Pope John Paul II beatified in Rome

Pope John Paul II beatified in Rome

Pope Benedict XVI has beatified Pope John Paul II before the faithful in St Peter’s Square and surrounding streets, moving the beloved former pontiff one step closer to possible sainthood.

The crowd in Rome and in capitals around the world erupted in cheers, tears and applause as an enormous photo of a young, smiling John Paul was unveiled over the loggia of St Peter’s Basilica and a choir launched into hymn long associated with the Polish-born Pope.

“He restored to Christianity its true face as a religion of hope,” Benedict said in his homily, which was dotted with personal recollections of a man Benedict said he came to “revere” during their near-quarter century working together.

Beatification is the first major milestone on the path to possible sainthood, one of the Catholic Church’s highest honours. A second miracle attributed to John Paul’s intercession is needed for him to be canonised.

“He went all over the world,” said Bishop Jean Zerbo of Bamako, Mali, who came to Rome for the ceremony. “Today, we’re coming to him.”

On Sunday, a group of pilgrims from Krakow affixed a banner to a fence outside the square that says “Santo Subito,” evidence that for many of the faithful, John Paul already is a saint.

Speaking in Latin, Benedict pronounced John Paul “blessed” shortly after the start of the Mass, held under bright blue skies and amid a sea of Poland’s red and white flags – a scene reminiscent of John Paul’s 2005 funeral, when three million people paid homage to the Pope.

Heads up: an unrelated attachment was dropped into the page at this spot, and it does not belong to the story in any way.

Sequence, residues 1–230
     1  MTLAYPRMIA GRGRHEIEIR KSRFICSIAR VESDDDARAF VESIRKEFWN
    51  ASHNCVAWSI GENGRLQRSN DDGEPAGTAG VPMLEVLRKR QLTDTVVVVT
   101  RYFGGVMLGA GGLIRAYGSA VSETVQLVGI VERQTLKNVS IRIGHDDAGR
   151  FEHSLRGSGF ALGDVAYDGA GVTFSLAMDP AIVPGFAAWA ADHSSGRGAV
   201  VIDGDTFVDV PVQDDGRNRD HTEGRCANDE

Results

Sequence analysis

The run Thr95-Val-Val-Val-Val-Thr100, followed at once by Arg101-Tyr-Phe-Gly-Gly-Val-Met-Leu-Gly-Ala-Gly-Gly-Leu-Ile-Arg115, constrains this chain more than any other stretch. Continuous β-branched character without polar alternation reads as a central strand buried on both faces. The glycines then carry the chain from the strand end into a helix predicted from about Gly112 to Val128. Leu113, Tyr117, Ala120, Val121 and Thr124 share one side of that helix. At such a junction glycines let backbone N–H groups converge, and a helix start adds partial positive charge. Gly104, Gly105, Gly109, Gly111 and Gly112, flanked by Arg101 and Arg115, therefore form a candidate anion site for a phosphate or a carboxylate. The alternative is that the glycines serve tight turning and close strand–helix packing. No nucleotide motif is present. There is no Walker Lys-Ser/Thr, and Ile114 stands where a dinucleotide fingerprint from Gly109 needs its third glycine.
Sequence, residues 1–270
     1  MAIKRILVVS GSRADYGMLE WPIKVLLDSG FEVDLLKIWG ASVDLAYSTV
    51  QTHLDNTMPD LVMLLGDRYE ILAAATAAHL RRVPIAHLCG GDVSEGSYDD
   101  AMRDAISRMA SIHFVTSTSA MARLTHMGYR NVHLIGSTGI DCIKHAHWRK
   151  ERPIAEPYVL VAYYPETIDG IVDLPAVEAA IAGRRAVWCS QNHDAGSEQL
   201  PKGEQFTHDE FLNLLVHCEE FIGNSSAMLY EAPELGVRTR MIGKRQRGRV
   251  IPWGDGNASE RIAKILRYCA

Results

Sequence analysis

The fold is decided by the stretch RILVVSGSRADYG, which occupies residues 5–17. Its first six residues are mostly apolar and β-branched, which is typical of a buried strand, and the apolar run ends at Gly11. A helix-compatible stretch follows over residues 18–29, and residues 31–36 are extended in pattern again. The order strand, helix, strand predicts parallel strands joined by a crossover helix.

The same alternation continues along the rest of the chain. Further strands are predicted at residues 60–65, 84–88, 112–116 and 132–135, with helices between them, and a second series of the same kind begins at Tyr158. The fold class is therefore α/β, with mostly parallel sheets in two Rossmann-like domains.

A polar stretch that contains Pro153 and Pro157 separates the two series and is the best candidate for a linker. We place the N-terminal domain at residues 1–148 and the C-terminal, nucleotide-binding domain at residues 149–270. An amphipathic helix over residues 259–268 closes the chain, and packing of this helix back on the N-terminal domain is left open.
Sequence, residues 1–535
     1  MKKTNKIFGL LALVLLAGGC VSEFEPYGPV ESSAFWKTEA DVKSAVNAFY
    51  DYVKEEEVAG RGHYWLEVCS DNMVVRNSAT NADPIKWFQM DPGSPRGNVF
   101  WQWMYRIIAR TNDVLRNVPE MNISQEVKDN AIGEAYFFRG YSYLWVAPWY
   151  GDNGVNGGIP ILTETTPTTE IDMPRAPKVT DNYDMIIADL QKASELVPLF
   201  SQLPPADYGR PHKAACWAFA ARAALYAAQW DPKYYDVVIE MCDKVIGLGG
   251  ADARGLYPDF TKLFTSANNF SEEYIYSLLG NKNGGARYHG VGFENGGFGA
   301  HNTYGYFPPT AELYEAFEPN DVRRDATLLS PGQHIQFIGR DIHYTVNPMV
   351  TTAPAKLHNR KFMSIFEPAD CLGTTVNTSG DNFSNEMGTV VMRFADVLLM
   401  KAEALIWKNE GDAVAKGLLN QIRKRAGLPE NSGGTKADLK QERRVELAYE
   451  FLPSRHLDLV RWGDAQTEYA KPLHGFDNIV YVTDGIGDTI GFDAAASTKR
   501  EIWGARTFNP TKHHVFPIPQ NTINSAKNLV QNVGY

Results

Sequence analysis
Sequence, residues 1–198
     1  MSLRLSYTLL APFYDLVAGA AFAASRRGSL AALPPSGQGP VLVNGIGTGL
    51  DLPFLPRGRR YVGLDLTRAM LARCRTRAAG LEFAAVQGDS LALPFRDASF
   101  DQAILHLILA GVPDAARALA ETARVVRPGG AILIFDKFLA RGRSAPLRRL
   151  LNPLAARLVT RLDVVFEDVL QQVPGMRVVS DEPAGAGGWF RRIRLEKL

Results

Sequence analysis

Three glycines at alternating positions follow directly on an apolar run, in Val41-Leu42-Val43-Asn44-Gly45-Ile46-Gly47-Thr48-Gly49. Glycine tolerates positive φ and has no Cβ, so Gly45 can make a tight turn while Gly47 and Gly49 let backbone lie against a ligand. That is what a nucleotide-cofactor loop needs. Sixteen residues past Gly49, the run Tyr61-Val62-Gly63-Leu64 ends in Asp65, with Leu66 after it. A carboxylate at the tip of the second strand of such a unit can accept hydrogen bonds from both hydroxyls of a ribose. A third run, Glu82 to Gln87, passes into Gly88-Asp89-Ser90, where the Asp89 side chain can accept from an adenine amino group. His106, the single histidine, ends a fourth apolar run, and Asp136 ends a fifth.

Benedict recalled that day six years ago, saying the grief the world felt then was tempered by immense gratitude for his life and pontificate.

“Even then, we perceived the fragrance of his sanctity,” Benedict said, explaining the “reasonable haste” with which John Paul was being honoured.

Benedict said that through John Paul’s faith, courage and strength – “the strength of a titan, a strength which came to him from God” – John Paul had turned back the seemingly “irreversible” tide of Marxism.

“He rightly reclaimed for Christianity that impulse of hope which had in some sense faltered before Marxism and the ideology of progress,” Benedict said.

Police, government officials and the Vatican all put the figure of those attending the Mass at over a million; only a few hundred thousand could fit into St Peter’s Square and the surrounding streets but others watched it on some of the 14 huge TV screens set up around town or listened to it on radios in Polish or Italian.

During the Mass, Benedict received a silver reliquary holding a vial of blood taken from John Paul during his final hospitalisation. The relic, a key feature of beatification ceremonies, will be available for the faithful to venerate.

It was presented to him by Sister Tobiana, the Polish nun who tended to John Paul throughout his pontificate, and Sister Marie Simone-Pierre of France, whose inexplicable recovery from Parkinson’s disease was decreed to be the miracle necessary for John Paul to be beatified.

Helicopters flew overhead, police boats patrolled the nearby Tiber River and some 5,000 uniformed troops patrolled police barricades to ensure priests, official delegations and those with coveted VIP passes could get to their places.


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